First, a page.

In a society that tends to focus on the biggest and brightest new thing, it’s easy to unintentionally apply this perspective to relationships. People feel pressured to maintain more connections than they can realistically maintain.
In relationships, often less is more. Having fewer, more meaningful connections can help to shape a better You — better than an endless stream of hollow relationships that do little for either party.
Considering that the relationships you have encompass everyone in your life — from your most intimate family members and friends to your professional colleagues and occasional acquaintances — it makes sense to look closely at the function and quality of each connection. Human beings are a social species, which means we need meaningful relationships for more than just idle gossip or a warm body on a cold night. Without claws, fangs, or thick fur coats to protect us, humans instead have large brains, opposable thumbs, and each other. It’s because of our communities and interpersonal relationships that we can explore Mars, build skyscrapers, and waste our precious time scrolling social media.
Our relationships with one another offer real safety and protection, as well as the intimacy and deep connection that are essential for our health. Various studies on longevity, including the Grant Study of Adult Development at Harvard University, noted that meaningful relationships are among the top factors of not just a long lifespan, but also ongoing mental health and a strong immune system to combat serious disease and illness. Feeling close to others releases beneficial hormones and neuromodulators in our bodies that keep us both mentally and physically healthy throughout our lives.
Some would conclude, then, that because relationships are essential to our health, more would be better? But it’s the quality of relationships that beneficially impacts the human mind and body, not the quantity. In fact, having an overbooked social calendar can eat up every spare moment of your time and lead to putting time and effort into relationships that don’t benefit you.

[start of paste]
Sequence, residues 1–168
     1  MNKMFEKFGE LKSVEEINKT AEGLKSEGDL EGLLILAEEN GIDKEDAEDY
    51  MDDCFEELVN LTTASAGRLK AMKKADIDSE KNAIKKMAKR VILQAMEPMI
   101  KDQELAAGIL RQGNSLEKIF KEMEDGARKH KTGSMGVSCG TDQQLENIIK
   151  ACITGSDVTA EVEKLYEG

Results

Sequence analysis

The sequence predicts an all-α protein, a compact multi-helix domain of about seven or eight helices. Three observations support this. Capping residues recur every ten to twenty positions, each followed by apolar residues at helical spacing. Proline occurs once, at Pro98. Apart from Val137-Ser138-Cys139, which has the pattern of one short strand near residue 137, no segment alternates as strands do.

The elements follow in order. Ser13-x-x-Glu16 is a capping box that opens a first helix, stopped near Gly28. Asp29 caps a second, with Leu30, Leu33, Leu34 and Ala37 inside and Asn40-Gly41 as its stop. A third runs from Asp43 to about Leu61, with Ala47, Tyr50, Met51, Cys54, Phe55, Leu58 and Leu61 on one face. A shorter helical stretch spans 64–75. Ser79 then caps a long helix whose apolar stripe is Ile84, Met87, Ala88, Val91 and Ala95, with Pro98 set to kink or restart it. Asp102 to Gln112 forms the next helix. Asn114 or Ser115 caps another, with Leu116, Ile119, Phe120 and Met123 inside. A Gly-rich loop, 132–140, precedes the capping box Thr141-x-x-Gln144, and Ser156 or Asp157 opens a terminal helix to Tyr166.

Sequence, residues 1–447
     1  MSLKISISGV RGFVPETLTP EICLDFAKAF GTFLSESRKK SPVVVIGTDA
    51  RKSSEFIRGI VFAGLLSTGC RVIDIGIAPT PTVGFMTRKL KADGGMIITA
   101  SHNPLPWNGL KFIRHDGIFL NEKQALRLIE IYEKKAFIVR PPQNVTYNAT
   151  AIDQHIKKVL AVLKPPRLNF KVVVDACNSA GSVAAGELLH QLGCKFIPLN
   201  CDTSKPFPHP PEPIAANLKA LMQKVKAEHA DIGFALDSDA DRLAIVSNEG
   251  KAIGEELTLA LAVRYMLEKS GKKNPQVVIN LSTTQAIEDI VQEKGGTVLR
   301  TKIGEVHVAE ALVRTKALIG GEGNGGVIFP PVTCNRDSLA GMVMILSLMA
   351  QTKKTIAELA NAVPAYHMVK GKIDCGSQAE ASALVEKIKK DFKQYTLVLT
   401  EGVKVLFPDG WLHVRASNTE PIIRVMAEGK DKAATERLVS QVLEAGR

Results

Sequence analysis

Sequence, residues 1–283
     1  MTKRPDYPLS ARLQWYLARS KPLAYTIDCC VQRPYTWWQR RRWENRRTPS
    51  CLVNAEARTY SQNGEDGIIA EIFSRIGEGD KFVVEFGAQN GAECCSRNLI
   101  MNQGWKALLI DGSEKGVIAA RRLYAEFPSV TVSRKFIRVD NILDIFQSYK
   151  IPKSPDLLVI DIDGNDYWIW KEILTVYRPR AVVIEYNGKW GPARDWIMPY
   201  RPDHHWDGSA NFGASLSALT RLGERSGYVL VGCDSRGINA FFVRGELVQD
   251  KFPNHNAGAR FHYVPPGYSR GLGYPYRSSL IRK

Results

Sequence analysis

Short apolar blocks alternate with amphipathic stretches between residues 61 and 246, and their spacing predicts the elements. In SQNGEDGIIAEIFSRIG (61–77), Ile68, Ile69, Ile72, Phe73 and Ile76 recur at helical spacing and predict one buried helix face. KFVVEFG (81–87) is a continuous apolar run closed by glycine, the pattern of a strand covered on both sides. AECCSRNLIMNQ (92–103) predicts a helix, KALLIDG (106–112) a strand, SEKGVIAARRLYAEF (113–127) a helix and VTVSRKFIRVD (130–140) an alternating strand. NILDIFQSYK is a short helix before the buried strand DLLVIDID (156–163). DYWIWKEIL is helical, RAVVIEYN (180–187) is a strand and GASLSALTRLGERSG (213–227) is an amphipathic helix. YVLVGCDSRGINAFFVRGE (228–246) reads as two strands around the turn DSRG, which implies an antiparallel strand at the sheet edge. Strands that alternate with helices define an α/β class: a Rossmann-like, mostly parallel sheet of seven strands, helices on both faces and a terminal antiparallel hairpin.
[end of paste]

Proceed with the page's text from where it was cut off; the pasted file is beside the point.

This can leave little time for exposure to meaningful interactions with your highest quality connections. It’s possible to get a large helping of social interaction, but if those interactions lack the intimacy and heartfelt bonding required for meaningful connection, it can be a profound drain on your internal resources and lead to feelings of more profound loneliness. Conversely, spending time with people who fill you up can reinforces positive feelings about yourself, and even your outlook on life.
True North People
The key to forming healthy relationships that nourish you is to choose to spend the majority of your free time with people who your inner compass identifies as being True North in your compass. Although you certainly don’t need to be the same in every way, True North people share similar deep-seated values regarding the purpose of relationships as you do. They also care about the same aspects of connection that are meaningful to you.
For example, if you’re highly extroverted and crave large amounts of in-person contact, you may not sync well with an introverted person who requires a great deal of alone time. Your preferences and values don’t make another person’s differing qualities right or wrong, they simply highlight similarities you share.
Because everyone values different merits in relationships, True North connections can’t be one-size-fits-all. You must inquire within yourself to learn your social needs and who seems most likely to nourish them.
Ask yourself the questions to support your process of discerning those within your True North:
- How do I feel when I’m with this person? Do I feel like I can be myself and ask for what I want, or do I have to hide parts of myself away?
- How do I feel after an interaction with this person? Do I feel filled-up and supported or drained and depleted? Anxious or at peace?
- Why did I choose to connect with this person? Is it because I truly like who they are, or am I fulfilling an obligation, social responsibility, or striving for status or belonging?
When you recognize the qualities that matter most to you, discover them in your relationships with others, and reciprocate them in return, your True North will ring throughout every aspect of your life. You stop chasing relationships of utility or status because you realize that there’s gold to be found in the authentic depth and closeness of aligned connection. There’s no need to be anyone but yourself because you’ve chosen closeness with people who honor your genuine self and respect your dignity.
Kate King is a licensed professional counselor, board-certified art therapist, radiant life coach, published author, professional artist, and creative entrepreneur. She expertly teaches a unique transformational healing strategy that integrates science, psychology, creativity, and spirituality. Her new book is The Radiant Life Project: Awaken Your Purpose, Heal Your Past, and Transform Your Future (Rowman & Littlefield Publishers, Nov. 1, 2023). Learn more at theradiantlifeproject.com.